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21-day Yoga Immersion (April 2016) – feedback from students

Most people tend to practice yoga with the main objective of achieving physical well-being. As a result they focus only on the "asana" (physical postures) part of yoga practice. If we go by the eight limbs of yoga defined by Patanjali in his Yoga Sutras, then asana is only one of those eight limbs. In fact, if we dig a little deeper, we realize that the word asana refers ONLY to a sitting posture. The word "asana" is derived from the Sanskrit root "aas (आस्)" which literally means "to sit". The word asana means either the posture you sit in or the seat that you sit upon. The whole series of physical postures were developed so the body could be made strong and flexible enough so that one could sit in a meditative posture for long periods of time. As per Patanjali, it is only through the practice of meditation that one can attain a perfectly calm state of the mind, which is the goal of yoga.

When these postures were developed, instead of coining a new name for them, the yogis decided to keep the same name "asana" for these postures as well, which Patanjali used for a sitting posture. This is how the whole science of Hatha Yoga evolved. The text that is most commonly referenced for all current yoga practices is the Hatha Yoga Pradipika by Swatmarama.

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What causes fluctuations of the mind? – the Five Vrittis

"How hard it is to control the mind! Well, it has been compared to the maddened monkey. There was a monkey, restless by his own nature, as all monkeys are. As if that were not enough some one made him drink freely of wine, so that he became still more restless. Then a scorpion stung him. When a man is stung by a scorpion, he jumps about for a whole day; so the poor monkey found his condition worse than ever. To complete his misery a demon entered into him. What language can describe the uncontrollable restlessness of that monkey? The human mind is like that monkey, incessantly active by its own nature; then it becomes drunk with the wine of desire, thus increasing its turbulence. After desire takes possession comes the sting of the scorpion of jealousy at the success of others, and last of all the demon of pride enters the mind, making it think itself of all importance. How hard to control such a mind!" – Swami Vivekananda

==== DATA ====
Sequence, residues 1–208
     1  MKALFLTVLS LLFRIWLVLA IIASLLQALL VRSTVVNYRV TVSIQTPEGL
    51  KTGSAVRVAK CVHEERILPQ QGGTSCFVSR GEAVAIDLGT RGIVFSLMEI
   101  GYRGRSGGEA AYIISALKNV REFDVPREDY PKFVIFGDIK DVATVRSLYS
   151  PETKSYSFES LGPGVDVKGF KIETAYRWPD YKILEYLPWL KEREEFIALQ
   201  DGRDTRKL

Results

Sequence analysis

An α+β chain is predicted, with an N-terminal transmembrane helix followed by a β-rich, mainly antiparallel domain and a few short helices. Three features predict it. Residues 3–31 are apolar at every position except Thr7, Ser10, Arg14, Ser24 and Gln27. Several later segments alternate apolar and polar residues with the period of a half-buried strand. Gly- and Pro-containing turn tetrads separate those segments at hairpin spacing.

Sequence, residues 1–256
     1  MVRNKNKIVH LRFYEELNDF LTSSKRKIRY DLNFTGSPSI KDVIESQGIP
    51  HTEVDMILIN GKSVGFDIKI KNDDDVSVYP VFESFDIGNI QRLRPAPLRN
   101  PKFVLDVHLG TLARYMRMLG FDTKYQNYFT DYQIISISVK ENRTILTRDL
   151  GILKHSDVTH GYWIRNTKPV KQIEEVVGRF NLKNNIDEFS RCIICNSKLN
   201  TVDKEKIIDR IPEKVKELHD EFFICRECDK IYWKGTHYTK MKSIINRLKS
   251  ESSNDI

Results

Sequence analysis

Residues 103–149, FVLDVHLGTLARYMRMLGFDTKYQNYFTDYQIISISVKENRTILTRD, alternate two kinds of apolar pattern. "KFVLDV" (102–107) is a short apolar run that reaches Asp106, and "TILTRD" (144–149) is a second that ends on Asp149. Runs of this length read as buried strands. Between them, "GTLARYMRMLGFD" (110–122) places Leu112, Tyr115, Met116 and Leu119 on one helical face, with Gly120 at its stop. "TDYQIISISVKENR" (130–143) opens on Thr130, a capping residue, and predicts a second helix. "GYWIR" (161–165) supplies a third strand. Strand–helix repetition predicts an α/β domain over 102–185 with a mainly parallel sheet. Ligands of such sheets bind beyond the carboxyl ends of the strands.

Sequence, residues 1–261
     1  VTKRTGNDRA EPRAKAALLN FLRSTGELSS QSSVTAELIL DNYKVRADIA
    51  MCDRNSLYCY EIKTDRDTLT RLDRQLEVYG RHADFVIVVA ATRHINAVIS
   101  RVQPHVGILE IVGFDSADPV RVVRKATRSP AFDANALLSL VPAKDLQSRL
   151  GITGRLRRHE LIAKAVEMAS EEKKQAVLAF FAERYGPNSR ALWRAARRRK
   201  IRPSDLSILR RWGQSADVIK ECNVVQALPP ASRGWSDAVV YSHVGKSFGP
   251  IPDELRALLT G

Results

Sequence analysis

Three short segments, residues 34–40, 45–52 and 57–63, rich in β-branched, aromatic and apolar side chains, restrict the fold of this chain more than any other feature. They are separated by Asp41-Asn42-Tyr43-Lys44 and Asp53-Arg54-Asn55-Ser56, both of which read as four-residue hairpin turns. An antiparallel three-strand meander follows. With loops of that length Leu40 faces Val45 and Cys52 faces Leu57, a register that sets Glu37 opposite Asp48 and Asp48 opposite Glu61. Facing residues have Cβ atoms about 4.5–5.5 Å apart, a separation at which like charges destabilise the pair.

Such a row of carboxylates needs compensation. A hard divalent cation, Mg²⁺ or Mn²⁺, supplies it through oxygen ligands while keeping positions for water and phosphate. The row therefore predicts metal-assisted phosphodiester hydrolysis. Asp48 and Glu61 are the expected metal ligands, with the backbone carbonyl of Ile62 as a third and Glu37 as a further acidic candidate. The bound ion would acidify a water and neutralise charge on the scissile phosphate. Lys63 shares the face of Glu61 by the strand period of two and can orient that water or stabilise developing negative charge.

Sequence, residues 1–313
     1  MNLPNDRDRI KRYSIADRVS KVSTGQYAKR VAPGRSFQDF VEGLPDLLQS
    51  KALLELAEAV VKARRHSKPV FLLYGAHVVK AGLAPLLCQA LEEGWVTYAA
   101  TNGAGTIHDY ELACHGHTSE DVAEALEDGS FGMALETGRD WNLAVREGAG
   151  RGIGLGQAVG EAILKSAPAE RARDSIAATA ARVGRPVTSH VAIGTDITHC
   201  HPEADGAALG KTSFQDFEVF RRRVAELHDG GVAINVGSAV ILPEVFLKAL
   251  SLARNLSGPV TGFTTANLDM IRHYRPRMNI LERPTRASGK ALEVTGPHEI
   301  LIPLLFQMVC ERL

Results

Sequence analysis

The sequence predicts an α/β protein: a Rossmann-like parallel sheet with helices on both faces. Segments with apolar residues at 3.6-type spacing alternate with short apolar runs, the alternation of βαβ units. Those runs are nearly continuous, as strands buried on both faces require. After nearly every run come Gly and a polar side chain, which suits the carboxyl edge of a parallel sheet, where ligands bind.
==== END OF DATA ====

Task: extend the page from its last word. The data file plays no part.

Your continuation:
This famous quote from Swami Vivekananda sums up the state of our mind – incessantly restless! There is constantly something or the other happening in the mind – thoughts, worries, anxieties, likes, dislikes, variety of emotions, negative feelings, positive feelings, planning, scheming …. and the list can go on. The change in the mind is continuous. This constant change or fluctuation is what has been termed a "vritti" by sage Patanjali in the Yoga Sutras.

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14-day Pranayama Intensive, May 9-22

Vishnu Mudra

I am pleased to announce the next Pranayama intensive. In this program, we will be practicing some of the main pranayama techniques given in our ancient yoga texts. I will also discuss the underlying concepts in the practice of pranayama and all the wonderful benefits that the practice can bring us.

No prior pranayama or meditation experience is required.

Here are the particulars:

  • What: 14-day pranayama intensive
  • When: Monday, May 9 – Sunday, May 22, 2016
  • Time: 6:00 – 7:30 AM
  • Location: 4000 Bearcat Way, Suite 102, Morrisville, NC 27560
  • Daily Routine: Light stretching (10-15 minutes), Pranayama (40 min), Relaxation (15 min), Yoga philosophy/meditation (15-20 min)
  • Commitment: A firm commitment to follow this schedule and attend every day
  • Fee: $90
  • To register: fill out the registration form, providing information in all the fields, and submit it online